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Education

  • CCHS grad has fast track to the future

    HILLSVILLE — Hannah Thomas is well on her way to getting a doctorate in pharmacy after recently earning her arts and sciences associate degree from Wytheville Community College.

    A week after the 18-year-old picked up her two-year degree at WCC, she received her Carroll County High School diploma in graduation exercises in the gym last Saturday.

    Her commitment to her educational goal means Salem College will recognize her as a junior after Thomas continues her studies there in the fall.

  • Student fees rise and fall in Carroll

    HILLSVILLE — School meal prices will rise again, even as some student fees get lower or go away entirely, the Carroll County School Board discussed at its Tuesday meeting.
    “We have new guidance on these so they were looked at extremely carefully this year,” explained Tammy Quesenberry, school finances director. “A couple of the fees were removed, and we reduced a few of those. The fees for core subject areas such as PE and English were removed entirely and we reduced art and electronics.”

  • Woodlawn staff says goodbye to school

    WOODLAWN — Preparations for the closing of Woodlawn School have been going on for several weeks.
    Paintings have come down from the main hallway walls, a little red wagon has carted out boxes of documents as the clearing begins and the staff has started to sort through the items they’ve accumulated on their desks and in their offices over the years.

  • CCHS could see heating and cooling improvements

    HILLSVILLE — Seeking funding for replacing the heating and air conditioning system at Carroll County High School came up at the county supervisors' meeting Monday, during a school construction update.
    Taking action to replace the more than 40-year-old system arose at the end of Clerk of the Works Dennis Cole’s report, though there’s not much left to report on as Phase 3 improvements at the high and intermediate schools are down to going over the warranty items with contractors and other finishing touches.

  • Carroll pulls plug on virtual school

    HILLSVILLE — Carroll County educators have pulled the plug on the first statewide virtual school after mounting concerns.
    Few local students taking advantage of the service and demands on the school system’s staff time are two factors that eventually short circuited the program known as the Virtual Academy of Virginia, according to Schools Superintendent Strader Blankenship.
    “Out of that 350 students, only five were Carroll County students,” he said.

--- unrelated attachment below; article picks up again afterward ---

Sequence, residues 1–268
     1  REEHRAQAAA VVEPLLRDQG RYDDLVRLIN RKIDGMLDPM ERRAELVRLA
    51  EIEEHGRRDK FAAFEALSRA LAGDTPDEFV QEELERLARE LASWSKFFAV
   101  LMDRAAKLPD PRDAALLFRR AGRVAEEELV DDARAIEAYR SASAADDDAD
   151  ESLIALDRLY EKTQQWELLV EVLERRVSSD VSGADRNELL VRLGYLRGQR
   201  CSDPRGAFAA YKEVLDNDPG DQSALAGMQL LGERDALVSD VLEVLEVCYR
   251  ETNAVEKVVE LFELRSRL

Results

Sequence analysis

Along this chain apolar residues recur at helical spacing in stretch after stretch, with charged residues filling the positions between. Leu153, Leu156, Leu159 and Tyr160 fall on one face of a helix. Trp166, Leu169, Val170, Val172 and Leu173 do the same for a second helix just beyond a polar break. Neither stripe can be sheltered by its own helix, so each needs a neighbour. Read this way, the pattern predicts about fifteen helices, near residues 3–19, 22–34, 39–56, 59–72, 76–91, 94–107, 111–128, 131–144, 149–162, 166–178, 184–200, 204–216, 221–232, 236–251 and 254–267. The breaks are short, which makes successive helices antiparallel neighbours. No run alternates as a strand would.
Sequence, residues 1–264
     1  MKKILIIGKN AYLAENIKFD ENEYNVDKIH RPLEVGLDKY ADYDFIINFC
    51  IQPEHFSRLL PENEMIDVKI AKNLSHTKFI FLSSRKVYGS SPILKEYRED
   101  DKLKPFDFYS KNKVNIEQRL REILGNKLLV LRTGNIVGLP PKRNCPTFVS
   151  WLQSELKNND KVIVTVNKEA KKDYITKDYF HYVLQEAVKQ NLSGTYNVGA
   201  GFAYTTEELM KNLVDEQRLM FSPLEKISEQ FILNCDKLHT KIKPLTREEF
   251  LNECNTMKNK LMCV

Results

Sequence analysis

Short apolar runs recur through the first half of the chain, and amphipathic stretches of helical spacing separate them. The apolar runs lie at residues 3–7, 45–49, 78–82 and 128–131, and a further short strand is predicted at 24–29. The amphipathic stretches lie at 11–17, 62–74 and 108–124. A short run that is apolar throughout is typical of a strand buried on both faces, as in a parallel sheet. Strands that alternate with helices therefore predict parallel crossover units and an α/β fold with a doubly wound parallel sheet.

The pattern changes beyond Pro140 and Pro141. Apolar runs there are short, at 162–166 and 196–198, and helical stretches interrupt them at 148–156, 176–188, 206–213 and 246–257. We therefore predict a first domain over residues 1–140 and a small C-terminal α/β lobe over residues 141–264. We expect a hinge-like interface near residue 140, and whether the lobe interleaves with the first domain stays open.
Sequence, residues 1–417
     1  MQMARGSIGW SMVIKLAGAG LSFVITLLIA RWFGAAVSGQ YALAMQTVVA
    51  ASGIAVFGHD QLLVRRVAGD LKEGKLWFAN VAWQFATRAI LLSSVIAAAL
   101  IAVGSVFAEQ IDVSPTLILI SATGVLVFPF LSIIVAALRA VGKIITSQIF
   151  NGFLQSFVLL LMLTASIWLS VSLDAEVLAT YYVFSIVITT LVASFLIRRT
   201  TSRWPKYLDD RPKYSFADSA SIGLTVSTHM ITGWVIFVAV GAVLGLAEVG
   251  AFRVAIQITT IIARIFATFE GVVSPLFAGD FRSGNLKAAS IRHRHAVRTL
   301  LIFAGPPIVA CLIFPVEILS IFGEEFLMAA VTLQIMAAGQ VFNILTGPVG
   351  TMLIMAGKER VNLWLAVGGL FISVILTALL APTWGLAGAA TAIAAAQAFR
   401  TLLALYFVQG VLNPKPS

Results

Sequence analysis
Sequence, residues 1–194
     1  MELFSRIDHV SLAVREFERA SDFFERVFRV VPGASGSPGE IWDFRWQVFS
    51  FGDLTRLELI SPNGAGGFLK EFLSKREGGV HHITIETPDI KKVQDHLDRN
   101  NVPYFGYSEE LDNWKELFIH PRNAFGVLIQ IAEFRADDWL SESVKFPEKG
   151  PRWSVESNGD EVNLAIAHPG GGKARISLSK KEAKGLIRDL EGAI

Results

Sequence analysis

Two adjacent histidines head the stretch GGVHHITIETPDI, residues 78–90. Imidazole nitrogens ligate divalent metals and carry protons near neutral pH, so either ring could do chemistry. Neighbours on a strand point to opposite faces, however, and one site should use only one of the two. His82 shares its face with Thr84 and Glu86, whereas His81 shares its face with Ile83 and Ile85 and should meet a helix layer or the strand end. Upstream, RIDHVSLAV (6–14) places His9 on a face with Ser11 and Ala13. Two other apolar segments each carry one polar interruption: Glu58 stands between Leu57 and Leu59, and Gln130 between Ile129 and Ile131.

• Carroll pulls plug on virtual school

    HILLSVILLE — Carroll County educators have pulled the plug on the first statewide virtual school after mounting concerns.
    Few local students taking advantage of the service and demands on the school system’s staff time are two factors that eventually short circuited the program known as the Virtual Academy of Virginia, according to Schools Superintendent Strader Blankenship.
    “Out of that 350 students, only five were Carroll County students,” he said.

  • Livestock team to represent state at national 4-H event

    HILLSVILLE — The first representatives from Virginia going to nationals from the livestock quiz bowl are members of the Carroll County 4-H Club.
    With their knowledge tested about pigs, sheep, goats and cattle in the state quiz bowl while facing teams from clubs in Montgomery and Augusta counties, the Carroll team came out on top, according to coaches Tammy Vass and Kay Williams.
    “We are the first team in the state to go to this contest,” Vass told The Gazette. “Also, we are representing the state of Virginia.”

  • FIRST CLASS: Grads form bond, remember lost classmate

    The first students to graduate from a Master's degree program through Averett University at Crossroads Institute formed a close bond as they worked through challenging classwork and coped with the loss of a classmate.

  • Crossroads offers new degree programs

     

  • Grayson to refinance $18M of school debt

    INDEPENDENCE – Grayson County will seek permanent financing through the Virginia Public School Authority for debt associated with school construction, following a public hearing earlier this month.
    Supervisors heard no comments during the hearing, in which County Administrator Jonathan Sweet proposed the issuance of an estimated $18 million general obligation school bond.
    Sweet prefaced the public hearing by noting that the $18 million was borrowed for construction of Grayson Highlands School in the western part of the county and remodeling of Fries School.